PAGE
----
Gratitude the Best I Can
So I put on my best humble/grateful face and say “Hey man, thank you so much! My goodness, the missus (Daisy the Yellow Dog) and the kids (squirrels) will sure be grateful for this. God bless you!” It doesn't work. He can tell I'm not really grateful. He knows that this wretched orphan could care less and I have robbed him of whatever reward in Heaven Here On Earth he is seeking. And you know what? The squirrels won't be grateful either, later, when I dump a bowl of stale cheerios into the squirrel feeder. They figure it is their due, as the Royal Squirrels of the Whispering Pines Trailer Park. They have no idea that I am secretly fattening them up just in case. Miss Daisy? She is an aging yellow lab and a whole jar of Korean peanut butter is indeed a gift from heaven, and in fact she is effusive with gratitude and wiggling and dog kisses as she endeavors to ascertain if there might not be more.
But Daisy is a dog, and dogs are of a higher spiritual nature than humans.
A Varmint On the Porch
And now, in a brusque show of not gratitude but rather outrage at the dearth of cheerios in the feeder, I am being berated by a fat squirrel-boss for my sloth.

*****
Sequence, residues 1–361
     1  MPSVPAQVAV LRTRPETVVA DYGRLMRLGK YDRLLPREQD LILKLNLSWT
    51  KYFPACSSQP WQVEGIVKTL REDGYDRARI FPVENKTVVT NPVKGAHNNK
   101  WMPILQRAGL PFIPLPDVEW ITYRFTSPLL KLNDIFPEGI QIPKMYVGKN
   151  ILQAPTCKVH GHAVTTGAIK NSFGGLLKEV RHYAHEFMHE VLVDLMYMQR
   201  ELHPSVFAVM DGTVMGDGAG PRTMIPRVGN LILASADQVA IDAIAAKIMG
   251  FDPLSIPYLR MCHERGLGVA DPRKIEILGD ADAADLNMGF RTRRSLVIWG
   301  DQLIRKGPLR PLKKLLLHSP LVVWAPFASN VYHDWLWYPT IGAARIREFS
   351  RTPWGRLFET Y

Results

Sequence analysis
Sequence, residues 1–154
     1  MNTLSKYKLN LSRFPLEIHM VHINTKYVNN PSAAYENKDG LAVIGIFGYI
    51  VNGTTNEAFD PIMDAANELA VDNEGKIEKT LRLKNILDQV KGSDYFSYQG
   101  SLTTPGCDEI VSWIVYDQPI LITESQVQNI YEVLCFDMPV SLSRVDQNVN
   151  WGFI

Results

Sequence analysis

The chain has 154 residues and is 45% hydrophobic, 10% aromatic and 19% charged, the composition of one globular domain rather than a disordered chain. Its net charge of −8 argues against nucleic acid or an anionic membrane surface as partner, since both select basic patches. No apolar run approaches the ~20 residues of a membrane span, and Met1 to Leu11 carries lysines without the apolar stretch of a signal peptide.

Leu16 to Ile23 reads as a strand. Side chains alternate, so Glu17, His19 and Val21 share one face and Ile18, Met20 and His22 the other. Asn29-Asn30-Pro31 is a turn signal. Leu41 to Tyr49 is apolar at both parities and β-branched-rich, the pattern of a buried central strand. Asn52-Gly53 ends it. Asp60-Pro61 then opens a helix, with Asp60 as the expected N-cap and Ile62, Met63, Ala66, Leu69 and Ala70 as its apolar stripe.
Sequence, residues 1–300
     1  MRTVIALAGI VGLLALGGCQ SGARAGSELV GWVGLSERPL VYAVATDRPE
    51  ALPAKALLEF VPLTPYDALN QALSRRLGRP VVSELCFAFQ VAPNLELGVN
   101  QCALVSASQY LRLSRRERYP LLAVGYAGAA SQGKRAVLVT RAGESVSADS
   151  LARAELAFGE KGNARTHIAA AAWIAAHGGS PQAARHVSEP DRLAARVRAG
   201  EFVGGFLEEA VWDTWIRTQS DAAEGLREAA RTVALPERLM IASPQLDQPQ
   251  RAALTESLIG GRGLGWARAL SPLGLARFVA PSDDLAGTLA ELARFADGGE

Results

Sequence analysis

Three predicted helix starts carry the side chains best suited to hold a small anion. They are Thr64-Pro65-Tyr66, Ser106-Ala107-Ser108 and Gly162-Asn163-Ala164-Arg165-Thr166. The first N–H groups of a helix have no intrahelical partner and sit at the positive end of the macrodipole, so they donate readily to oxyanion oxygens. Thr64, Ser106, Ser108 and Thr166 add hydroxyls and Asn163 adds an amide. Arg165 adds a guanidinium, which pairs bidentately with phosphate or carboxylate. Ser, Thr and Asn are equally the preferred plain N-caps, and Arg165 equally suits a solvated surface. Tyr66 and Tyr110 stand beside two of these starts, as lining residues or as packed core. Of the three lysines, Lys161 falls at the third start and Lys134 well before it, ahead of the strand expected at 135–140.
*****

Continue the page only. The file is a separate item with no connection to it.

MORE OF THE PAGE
And also am I thinking of Jesus. Didn't he hook everyone up with a little wine? If those store-front Jesus Freaks had put out a little Mad Dog or Boone's Farm instead of dixie cups of kool-aid they would have had a far larger turn out, rest assured. In fact, I now feel a little like Boss Squirrel (who if he don't shut up and get off the porch is in for a rude surprise: I'm trying to type here)...I find myself feeling a little resentment. If an odd little man with bad vision and a questionable haircut were to show up with a brown bag containing a jug of the squeezings of Ernest and Julio, my gratitude would be real indeed and we might even share a glass or two, embracing each other in the warm glow of human fellowship and kindness. Isn't that what He would have wanted?